Like many artists, James Sturm saw his work shift after the 2016 presidential election — though for him, the change was particularly literal and swift.
In the fall leading to the election between Donald Trump and Hillary Clinton, the cartoonist had been creating a kind of real-time comic strip, published weekly on Slate, that followed the dissipation of a marriage while its blue-voting dog-headed characters were experiencing the same election season. On election night, Sturm had his latest strip finished ahead of time.
“Like many Americans, I was pretty confident in a Clinton win, based on the polls,” Sturm says. “So I did that strip. I had it all done by early evening, and then realized with horror that I couldn’t use it.”
Panels that showed Mark — a father of two who had recently split up with his Clinton-volunteering wife, Lisa — calling his former partner to congratulate her were redrawn into ones depicting instead a bleak voice message offering condolences. In the strip’s final panel, Mark, after a silence, offers an “I love you,” a terse message that is perhaps a show of comfort in light of the results, but also a desperate way of holding onto a fading companionship.
That parallel between personal and national politics runs through Sturm’s comics — awash in a somber blue-gray and populated by anthropomorphic dogs — in his affecting new graphic novel, “Off Season” (Drawn and Quarterly; 216 pages; $24.95), a collection of these weekly strips. Sturm, though, began working on the series a year earlier, focusing solely on the relationship between his protagonists.
“I see it more as a love story and about a couple that’s really trying to cross a divide and return to one another,” Sturm says. “Then, of course, the 2016 (election) season really showed how great a divide there is in this country. So it seemed like those things on top of one another made sense.”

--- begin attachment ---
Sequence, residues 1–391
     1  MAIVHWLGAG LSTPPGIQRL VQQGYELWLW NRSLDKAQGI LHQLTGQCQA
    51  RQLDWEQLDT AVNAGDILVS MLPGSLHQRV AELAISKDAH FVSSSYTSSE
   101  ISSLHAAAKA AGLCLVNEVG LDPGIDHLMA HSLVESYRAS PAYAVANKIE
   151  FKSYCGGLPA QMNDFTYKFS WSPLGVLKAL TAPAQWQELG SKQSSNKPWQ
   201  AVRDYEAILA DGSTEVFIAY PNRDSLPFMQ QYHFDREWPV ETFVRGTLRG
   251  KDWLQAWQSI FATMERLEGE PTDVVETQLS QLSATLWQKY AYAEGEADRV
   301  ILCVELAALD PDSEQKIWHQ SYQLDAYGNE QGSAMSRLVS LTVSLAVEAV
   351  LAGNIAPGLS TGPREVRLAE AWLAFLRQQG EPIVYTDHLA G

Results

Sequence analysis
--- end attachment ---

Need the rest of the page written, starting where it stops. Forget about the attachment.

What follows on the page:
Yet, it’s the knowledge of what happens after, the shock and devastation of the next morning, that permeates the wistful pall covering the book’s 13 chapters.
“I was just coming off my own difficult year. I had been preyed on by a con man myself, a contractor. I had kind of woken up and realized, ‘What the hell just happened?’ I wasn’t paying attention,” Sturm says. A similar character, a contractor conning Mark, appears in the book.
“And then, when the country woke up: ‘Wait, what just happened?’ Now a con man is in the White House. It was a little familiar.”
Sturm has never considered himself to be a political cartoonist, but politics suddenly seemed to infuse everything. His characters seemed to take on heightened, political resonance — the contractor as a Trumpian figure, the class differences, and bitterness in turn, between Mark and Lisa.
Now, 2½ years removed from that moment, the topical politics may read somewhat differently, as shock may have grown into a new normal, Sturm acknowledges.
“Originally the dog’s heads were kind of just meant to be almost like placeholders until I figured out how to represent the characters,” Sturm says. “And the longer I worked with the dogs, the more normal they seemed. Anything, after a while, just kind of feels normal.”
Yet, the heart of the book, the humanism of the relationships and their aura of palpable hopelessness and also of lingering hope, rings with a gut-wrenching consistency.
“It’s very much about a time and place,” Sturm says, “very much infused with this kind of midlife melancholy — the challenges of being in life’s rush hour where you’re dealing with kids, dealing with aging parents. You’re dealing with economic pressures. How do you hold that together? Even in the best of circumstances, that’s really hard.”
But Sturm expresses a kind of tempered optimism in the face of these harsh realities, for his characters and for the nation.
“I feel like both characters have this immense connection, deep connection and share a life together, especially after raising kids together. I don’t think it’s over,” he says. “And then just as a country too, we all live in this geographically defined land on top of one another. We have a stake in how it comes out.”